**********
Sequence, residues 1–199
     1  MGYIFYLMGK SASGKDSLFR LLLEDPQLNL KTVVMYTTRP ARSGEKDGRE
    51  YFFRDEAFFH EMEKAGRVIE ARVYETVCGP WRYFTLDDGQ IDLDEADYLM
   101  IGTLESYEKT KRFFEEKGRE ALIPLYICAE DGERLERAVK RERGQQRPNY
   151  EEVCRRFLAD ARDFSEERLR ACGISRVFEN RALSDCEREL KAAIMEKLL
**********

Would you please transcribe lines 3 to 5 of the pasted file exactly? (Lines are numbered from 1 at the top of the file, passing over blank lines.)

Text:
    51  YFFRDEAFFH EMEKAGRVIE ARVYETVCGP WRYFTLDDGQ IDLDEADYLM
   101  IGTLESYEKT KRFFEEKGRE ALIPLYICAE DGERLERAVK RERGQQRPNY
   151  EEVCRRFLAD ARDFSEERLR ACGISRVFEN RALSDCEREL KAAIMEKLL